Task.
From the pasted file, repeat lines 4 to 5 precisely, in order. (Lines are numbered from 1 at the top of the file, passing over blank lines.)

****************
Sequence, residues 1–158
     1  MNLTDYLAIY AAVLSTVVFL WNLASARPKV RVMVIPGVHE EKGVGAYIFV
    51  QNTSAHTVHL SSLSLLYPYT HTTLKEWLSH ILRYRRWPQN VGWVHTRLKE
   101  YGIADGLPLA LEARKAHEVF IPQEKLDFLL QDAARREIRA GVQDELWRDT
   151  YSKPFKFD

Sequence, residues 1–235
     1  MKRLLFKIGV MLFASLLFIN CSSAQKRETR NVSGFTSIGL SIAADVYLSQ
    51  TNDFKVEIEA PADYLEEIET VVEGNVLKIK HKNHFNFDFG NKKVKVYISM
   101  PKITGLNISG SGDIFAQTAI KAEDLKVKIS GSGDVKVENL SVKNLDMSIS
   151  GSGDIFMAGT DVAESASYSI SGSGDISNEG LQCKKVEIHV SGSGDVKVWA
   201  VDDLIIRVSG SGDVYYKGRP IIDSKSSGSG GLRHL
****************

   101  YGIADGLPLA LEARKAHEVF IPQEKLDFLL QDAARREIRA GVQDELWRDT
   151  YSKPFKFD